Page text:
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Operation Valfajr-4
Part of Iran–Iraq War
Date October 19, 1983 - mid November 1983
Location Penjwin, Iraqi Kurdistan
Result Iranian victory
Territorial
changes
Iran captures Penjwin
</td>

</tr><tr> <th colspan="2" style="background-color: #B0C4DE; text-align: center; vertical-align: middle;">Belligerents</th> </tr><tr> <td style="width:50%; border-right:1px dotted #aaa;">Iraq Iraq </td><td style="width:50%; padding-left:0.25em">Iran Iran
Flag of Kurdistan.svg Peshmerga </td> </tr><tr> <th colspan="2" style="background-color: #B0C4DE; text-align: center; vertical-align: middle;">Commanders and leaders</th> </tr><tr> <td style="width:50%; border-right:1px dotted #aaa;">? </td><td style="width:50%; padding-left:0.25em">Iran Hossein Kharrazi </td> </tr></table>


Operation Valfajr-4 ( Dawn 4) was an Iranian operation of the Iran-Iraq War launched in 1983. At the end of the operation Iran had captured a small amount of territory from the Iraqis. Units of Iraq's First Army Corps spent two months in their trenches waiting for the Iranians to attack. The offensive came on 19 October 1983 as the Iranians and guerillas of the Patriotic Union of Kurdistan took 250 square miles (650 km2) of territory. This included a number of Kurdish villages and exerted a significant amount of pressure on Penjwin.

Saddam Hussein responded with a counterattack, using the Iraqi Republican Guard and poison gas. However, they failed to dislodge the Iranians, who were dug-in and reinforced by Kurdish fighters.

The battleEdit

The focus of the fourth Dawn operation in September 1983 was the northern sector in Iranian Kurdistan. Three Iranian regular divisions, the Revolutionary Guard, and Kurdistan Democratic Party (KDP) elements amassed in Marivan and Sardasht in a move to threaten the major Iraqi city Suleimaniyah. Iran's strategy was to press Kurdish tribes to occupy the Banjuin Valley, which was within 45 km (28 mi) of Suleimaniyah and 140 km (87 mi) from the oilfields of Kirkuk. To stem the tide, Iraq deployed Mi-8 attack helicopters equipped with chemical weapons and executed 120 sorties against the Iranian force, which stopped them 15 km (9.3 mi) into Iraqi territory. 5,000 Iranians and 2,500 Iraqis died.[73] Iran gained 110 km2 (42 sq mi) of its territory back in the north, gained 15 km2 (5.8 sq mi) of Iraqi land, and captured 1,800 Iraqi prisoners while Iraq abandoned large quantities of valuable weapons and war materiel in the field. Iraq responded to these losses by firing a series of SCUD-B missiles into the cities of Dezful, Masjid Suleiman, and Behbehan, while the Iraqi naval aircraft mined the port of Bandar Khomeini. Iran's use of artillery against Basra while the battles in the north raged created multiple fronts, which effectively confused and wore down Iraq.[73]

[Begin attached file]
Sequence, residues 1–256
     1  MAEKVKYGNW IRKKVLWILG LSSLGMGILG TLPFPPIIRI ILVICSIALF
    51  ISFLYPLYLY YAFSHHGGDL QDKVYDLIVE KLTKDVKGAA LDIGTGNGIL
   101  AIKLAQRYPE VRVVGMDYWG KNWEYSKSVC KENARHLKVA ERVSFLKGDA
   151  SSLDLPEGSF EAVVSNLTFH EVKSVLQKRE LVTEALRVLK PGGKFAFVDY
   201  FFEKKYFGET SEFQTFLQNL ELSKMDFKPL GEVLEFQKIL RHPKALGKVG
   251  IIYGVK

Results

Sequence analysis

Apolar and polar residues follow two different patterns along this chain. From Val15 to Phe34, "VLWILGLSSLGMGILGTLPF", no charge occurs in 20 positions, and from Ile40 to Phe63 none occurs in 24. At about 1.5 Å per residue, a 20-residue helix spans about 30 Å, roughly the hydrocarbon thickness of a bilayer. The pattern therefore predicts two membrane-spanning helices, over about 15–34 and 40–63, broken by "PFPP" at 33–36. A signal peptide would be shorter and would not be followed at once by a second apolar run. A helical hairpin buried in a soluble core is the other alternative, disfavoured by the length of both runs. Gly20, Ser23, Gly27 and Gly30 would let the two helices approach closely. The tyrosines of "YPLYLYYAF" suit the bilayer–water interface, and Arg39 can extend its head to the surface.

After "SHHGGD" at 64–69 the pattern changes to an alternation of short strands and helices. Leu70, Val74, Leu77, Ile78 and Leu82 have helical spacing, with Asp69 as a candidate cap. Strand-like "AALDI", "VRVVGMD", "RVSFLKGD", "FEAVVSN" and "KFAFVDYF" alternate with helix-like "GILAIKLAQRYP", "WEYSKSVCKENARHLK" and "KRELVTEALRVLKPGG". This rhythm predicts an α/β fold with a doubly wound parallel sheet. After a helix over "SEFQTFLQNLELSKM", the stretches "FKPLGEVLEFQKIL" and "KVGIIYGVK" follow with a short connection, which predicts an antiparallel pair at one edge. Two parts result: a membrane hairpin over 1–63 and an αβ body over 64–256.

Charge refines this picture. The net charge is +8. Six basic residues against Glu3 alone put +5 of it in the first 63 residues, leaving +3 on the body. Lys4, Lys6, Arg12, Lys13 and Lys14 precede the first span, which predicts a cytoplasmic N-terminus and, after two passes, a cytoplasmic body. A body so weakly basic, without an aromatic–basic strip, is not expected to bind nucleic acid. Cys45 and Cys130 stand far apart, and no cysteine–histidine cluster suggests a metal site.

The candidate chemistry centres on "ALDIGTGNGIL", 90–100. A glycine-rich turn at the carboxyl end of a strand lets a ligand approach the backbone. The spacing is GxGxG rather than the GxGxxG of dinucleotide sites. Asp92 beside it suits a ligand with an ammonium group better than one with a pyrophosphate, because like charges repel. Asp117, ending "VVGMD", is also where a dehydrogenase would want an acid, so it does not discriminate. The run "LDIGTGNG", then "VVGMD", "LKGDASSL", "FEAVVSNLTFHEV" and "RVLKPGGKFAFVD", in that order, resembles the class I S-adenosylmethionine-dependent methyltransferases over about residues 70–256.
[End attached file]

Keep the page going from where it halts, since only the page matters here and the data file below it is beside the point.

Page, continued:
AftermathEdit

The attack was successful but the Iranians suffered high casualties due to Iraqi gas attacks. Unlike other operations and battles of the Iran–Iraq War, environmental conditions and operative restrictions were of high significance for this operation. Also the military medicine organization of the Pasdaran was important in this battle; they used special methods to save the wounded and carried out rescue operations.[1]

However, in response to this victory, Saddam Hussein launched the first Scud missiles into Iran, hitting six cities.

BibliographyEdit

http://smallwarsjournal.com/jrnl/art/the-“dawn-of-victory”-campaigns-to-the-“final-push”-part-three-of-three

See alsoEdit

ReferencesEdit

The Longest War, by Dilip Hiro, Routledge, Chapman, and Hall, Inc. 1991 (pg. 102).

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